But I personally dont care about it, as I dont eat a lot of carbs in a first place.
It will not change anything at the end of the day depending in your total energy balance. Aka, it will not make you store any additional fat just because you ate carbs at the same time. That is bro science.
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Old 05-06-2014, 12:30 PM   #6
Todd Neal
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Re: Food pairings

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Originally Posted by Bob Herald View Post
Some suggest that food combinations impact digestion and subsequently body composition. For example.. Eat protein only with vegetables and not with starches. Eat starch only with fruit or vegetables. This is big in the martial arts community. Some of these guys have impressive physiques. Anyone know the science behind this idea or is it bunk?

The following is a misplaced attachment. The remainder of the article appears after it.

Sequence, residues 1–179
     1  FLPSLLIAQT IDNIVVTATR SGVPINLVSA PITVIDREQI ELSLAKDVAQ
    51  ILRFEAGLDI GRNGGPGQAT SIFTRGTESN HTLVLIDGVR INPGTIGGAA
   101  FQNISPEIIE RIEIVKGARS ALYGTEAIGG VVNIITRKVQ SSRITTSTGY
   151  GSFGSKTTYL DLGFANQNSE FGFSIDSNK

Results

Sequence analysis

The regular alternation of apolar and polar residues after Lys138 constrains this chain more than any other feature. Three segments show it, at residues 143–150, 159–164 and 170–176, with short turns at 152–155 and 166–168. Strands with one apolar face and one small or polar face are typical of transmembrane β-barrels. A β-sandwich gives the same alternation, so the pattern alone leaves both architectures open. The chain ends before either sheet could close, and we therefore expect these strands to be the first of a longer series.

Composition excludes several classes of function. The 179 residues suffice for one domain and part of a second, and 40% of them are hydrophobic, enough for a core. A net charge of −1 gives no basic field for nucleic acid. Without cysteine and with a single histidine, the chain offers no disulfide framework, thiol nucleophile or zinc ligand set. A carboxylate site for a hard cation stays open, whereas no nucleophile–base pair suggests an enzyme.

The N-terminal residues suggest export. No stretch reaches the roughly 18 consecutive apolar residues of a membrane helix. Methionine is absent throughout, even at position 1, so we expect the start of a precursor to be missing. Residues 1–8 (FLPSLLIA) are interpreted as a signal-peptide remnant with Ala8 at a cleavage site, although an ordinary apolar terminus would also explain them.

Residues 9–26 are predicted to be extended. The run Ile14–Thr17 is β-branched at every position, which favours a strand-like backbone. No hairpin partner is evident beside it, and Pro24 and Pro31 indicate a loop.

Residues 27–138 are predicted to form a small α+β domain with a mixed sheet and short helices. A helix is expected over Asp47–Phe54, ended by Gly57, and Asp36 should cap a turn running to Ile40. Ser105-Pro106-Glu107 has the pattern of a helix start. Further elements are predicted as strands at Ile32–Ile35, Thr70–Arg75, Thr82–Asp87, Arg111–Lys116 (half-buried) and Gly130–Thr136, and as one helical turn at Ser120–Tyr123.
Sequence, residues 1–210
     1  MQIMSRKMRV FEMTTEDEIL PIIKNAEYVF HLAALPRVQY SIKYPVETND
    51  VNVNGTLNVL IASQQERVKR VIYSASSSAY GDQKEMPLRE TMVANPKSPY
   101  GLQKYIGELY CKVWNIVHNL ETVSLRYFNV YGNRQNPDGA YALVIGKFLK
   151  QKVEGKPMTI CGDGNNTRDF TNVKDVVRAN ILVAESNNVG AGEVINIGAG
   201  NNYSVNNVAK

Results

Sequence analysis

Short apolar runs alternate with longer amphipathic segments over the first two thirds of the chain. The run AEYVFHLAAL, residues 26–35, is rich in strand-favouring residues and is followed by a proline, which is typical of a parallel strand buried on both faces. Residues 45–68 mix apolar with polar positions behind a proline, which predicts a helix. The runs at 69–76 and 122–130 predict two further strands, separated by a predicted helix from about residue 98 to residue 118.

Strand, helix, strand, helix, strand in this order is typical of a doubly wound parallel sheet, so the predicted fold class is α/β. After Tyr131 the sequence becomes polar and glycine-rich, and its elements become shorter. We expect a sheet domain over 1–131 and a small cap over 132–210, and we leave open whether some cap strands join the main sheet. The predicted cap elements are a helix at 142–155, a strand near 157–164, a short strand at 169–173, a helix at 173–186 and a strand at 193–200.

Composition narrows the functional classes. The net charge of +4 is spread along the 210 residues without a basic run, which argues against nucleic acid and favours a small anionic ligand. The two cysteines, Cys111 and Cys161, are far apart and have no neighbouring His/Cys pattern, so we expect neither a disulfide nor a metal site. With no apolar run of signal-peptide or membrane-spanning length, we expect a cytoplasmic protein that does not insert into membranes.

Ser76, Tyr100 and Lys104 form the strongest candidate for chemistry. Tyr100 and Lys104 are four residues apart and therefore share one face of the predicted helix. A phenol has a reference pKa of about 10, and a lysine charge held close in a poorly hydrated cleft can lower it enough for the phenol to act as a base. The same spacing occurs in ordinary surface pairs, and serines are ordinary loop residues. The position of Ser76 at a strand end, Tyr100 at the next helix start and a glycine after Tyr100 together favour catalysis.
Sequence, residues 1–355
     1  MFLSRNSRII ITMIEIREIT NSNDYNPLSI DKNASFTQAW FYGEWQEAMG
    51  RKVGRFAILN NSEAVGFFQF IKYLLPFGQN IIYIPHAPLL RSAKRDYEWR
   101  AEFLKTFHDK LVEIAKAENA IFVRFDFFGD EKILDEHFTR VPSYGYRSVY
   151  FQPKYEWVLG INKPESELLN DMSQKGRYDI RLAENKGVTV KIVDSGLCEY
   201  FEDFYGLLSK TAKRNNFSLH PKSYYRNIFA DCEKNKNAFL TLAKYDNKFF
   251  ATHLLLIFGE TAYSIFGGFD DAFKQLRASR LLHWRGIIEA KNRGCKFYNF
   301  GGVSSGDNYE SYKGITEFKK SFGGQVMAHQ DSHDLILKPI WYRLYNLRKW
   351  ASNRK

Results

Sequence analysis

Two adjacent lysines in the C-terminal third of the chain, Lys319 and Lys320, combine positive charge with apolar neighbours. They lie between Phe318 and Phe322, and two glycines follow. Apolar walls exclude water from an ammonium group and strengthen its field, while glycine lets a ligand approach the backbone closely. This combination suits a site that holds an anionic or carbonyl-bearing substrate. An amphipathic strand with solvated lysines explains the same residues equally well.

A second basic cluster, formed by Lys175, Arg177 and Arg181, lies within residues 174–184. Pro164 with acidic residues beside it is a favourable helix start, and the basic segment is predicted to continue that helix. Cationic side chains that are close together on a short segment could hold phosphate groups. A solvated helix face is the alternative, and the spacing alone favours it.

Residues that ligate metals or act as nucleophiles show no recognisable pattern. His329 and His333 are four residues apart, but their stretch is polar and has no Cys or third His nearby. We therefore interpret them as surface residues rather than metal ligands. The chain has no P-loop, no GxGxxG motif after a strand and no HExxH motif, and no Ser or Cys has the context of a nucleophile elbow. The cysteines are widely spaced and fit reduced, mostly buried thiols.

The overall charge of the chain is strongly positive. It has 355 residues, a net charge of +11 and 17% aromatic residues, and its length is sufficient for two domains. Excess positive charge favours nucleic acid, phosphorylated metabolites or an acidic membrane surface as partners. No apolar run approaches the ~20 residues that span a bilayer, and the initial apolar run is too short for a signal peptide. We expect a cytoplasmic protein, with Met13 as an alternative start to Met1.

I'm absolutely on board with this. There are a lot of cultural examples of food combinations that work together to get the most benefits, like rice & beans; they each make up for what the other lacks. Also some vitamins are fat soluble and must be eaten with fat in order to get the benefit, like calcium.

The trouble is that the extent to which foods work together is very difficult to study (so far as I understand it) and thus we have very little knowledge when it comes to what to eat (and with what). As far as creating a diet approach based on these food combinations, I'd be wary of any claims. But it doesn't mean that they're wrong.
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Old 05-06-2014, 12:32 PM   #7
Todd Neal
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Re: Food pairings

I'd also say that timing can be relevant, depending on a few things. We've already discussed in another thread how your body responds differently to partition calories post-workout.
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Old 05-08-2014, 05:51 AM   #8
Cam Peavy
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Re: Food pairings